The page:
We’re in the midst of a culture war over gay marriage, with some states passing amendments defining traditionally and others opening it up to gay and lesbian couples. California is still recovering from the Proposition 8 battle, and indeed, that case is still up on appeal.
Meanwhile, the polygamists decide to get in on the action. And not just any polygamists–reality show polygamists. If men can marry men, and women can marry women, why can’t men marry multiple women? We’re all consenting adults, right?
And, anyway, why is it any of your business?
Any surprise, then, that the complaint was filed in Salt Lake City?
Saying the country is at a “critical moment,” an attorney for the polygamous family who stars in the reality show “Sister Wives” argued Wednesday that American adults — including Kody Brown and his four wives — have a right to privacy in their intimate relationships.
“We can’t embrace privacy as a principle and pick and choose who can enjoy it,”said Jonathan Turley in a press conference outside Salt Lake City’s federal courthouse. “Now, this family doesn’t look like a lot of families in Utah, but it’s not your family. It’s their family.”
That’s right. Because there is a constitutional right to have a reality show about yourself and keep your privacy at the same time. It’s right there, somewhere in the penumbra between the 28th and 29th amendments to the federal constitution, I’m sure…
Which is exactly why the five Browns (no, not the pianists, who also happen to be from Utah) are living in an undisclosed location in Nevada, not in Utah. Apparently, they didn’t like the publicity that their reality television show had created. Especially when the show revealed their violation of the law.
Attorney Jonathon Turley, who also represented various Members of Congress in their suit against the President for violations of the War Powers Act, filed suit on their behalf in federal court in Utah. He said on his blog that
We believe that this case represents the strongest factual and legal basis for a challenge to the criminalization of polygamy ever filed in the federal courts. We are not demanding the recognition of polygamous marriage. We are only challenging the right of the state to prosecute people for their private relations and demanding equal treatment with other citizens in living their lives according to their own beliefs. This action seeks to protect one of the defining principles of this country, what Justice Louis Brandeis called ‘the right to be left alone.’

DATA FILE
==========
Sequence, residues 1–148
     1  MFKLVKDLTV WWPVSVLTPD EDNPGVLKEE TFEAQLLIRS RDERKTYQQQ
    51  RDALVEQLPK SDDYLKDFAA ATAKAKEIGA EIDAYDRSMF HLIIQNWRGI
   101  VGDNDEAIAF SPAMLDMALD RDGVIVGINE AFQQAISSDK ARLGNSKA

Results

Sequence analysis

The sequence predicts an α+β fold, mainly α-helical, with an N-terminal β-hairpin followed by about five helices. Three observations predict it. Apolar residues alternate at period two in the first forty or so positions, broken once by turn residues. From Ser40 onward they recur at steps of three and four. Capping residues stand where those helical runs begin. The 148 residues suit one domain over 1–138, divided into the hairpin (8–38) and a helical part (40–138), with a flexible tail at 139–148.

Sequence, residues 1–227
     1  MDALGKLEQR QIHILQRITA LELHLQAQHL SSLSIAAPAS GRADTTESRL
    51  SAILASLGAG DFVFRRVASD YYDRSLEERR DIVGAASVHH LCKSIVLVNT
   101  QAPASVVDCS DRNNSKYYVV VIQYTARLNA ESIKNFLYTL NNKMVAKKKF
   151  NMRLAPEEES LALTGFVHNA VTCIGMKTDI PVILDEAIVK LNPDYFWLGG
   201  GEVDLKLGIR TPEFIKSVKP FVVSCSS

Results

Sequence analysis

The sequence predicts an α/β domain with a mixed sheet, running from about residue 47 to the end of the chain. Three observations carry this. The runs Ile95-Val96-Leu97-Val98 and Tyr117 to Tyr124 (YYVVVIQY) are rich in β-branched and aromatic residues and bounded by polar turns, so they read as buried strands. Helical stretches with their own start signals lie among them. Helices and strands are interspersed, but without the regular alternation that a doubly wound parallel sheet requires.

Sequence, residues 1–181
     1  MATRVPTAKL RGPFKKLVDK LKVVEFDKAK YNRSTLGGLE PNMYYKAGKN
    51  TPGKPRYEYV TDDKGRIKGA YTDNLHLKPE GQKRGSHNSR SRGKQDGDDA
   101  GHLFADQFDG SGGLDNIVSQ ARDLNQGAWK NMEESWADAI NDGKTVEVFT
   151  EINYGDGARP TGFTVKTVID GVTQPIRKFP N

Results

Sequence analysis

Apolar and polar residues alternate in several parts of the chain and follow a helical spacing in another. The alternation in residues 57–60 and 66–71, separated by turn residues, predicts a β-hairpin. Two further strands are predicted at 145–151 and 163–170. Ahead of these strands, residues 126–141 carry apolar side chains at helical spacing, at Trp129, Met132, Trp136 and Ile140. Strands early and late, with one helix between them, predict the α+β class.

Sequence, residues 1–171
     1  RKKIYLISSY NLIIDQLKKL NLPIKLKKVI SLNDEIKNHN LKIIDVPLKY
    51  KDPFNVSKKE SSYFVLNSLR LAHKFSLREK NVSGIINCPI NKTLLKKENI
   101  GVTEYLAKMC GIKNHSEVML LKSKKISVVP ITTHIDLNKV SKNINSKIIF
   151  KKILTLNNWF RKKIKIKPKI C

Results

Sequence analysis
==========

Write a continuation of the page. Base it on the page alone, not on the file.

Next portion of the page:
Geez, Turley. Where were you 1878 when the U.S. Supreme Court decided that the Constitution did not protect polygamy in Utah Territory (Reynolds v. United States), upholding the 1862 Morrill Anti-Bigamy Act that outlawed polygamy for the first time? Or in 1882 when it became a felony (rather than just grounds to lose the right to vote, hold office, or sit on a jury, like the Morrill had done)? Or 1887 when the federal government tried to dissolve an entire religion, seize its property, and take the vote away from Utah women (who from 1870 could vote in Utah, one of the first places in the contiguous 48 the vote was extended to women) because of it? This all to a people who had literally left the borders of the United States for the desert to be “left alone.”
But I digress. This isn’t supposed to be a history of Utah and the lack of “gentile” attorneys seeking to protect privacy rights of oppressed people during the later half of the 19th century. That’s all water under the bridge…
This is not about people who want to be left alone. This is about the Browns–who have actively sought attention by asking the world to watch them raise their family (or families? Not sure…) ON CABLE TELEVISION. The Browns were very much “left alone” until they put their life on display on TLC for THE WHOLE WORLD TO WATCH. Only then, as they were flagrantly displaying their “alternative” lifestyle to the world for a profit, did law enforcement look in to the matter.
What were they thinking? That no one would notice? Or care?
Forehead, meet Palm.
Again, we’re talking the “principle of privacy,” here, right? If you want to keep what’s in the bedroom, and who is in there, in the bedroom, then you best keep the bedroom door closed. If you open it, you better believe someone’s going to complain. Especially if you are breaking the law.
APROPOS: the complaint can be found here. It makes seven claims for relief (Due Process, Equal Protection, Free Exercise, Free Speech, Freedom of Association, Establishment of Religion, and on 42 U.S.C. § 1983).
- Brown Family To File Challenge To The Criminalization of Polygamy In Utah (jonathanturley.org)
- Polygamists Challenge Utah’s Anti-Polygamy Law (huffingtonpost.com)
- Polygamist reality TV family to challenge bigamy law (ctv.ca)
- Star Of “Sister Wives” To Challenge Constitutionality Of Utah’s Anti-Polygamy Law (outsidethebeltway.com)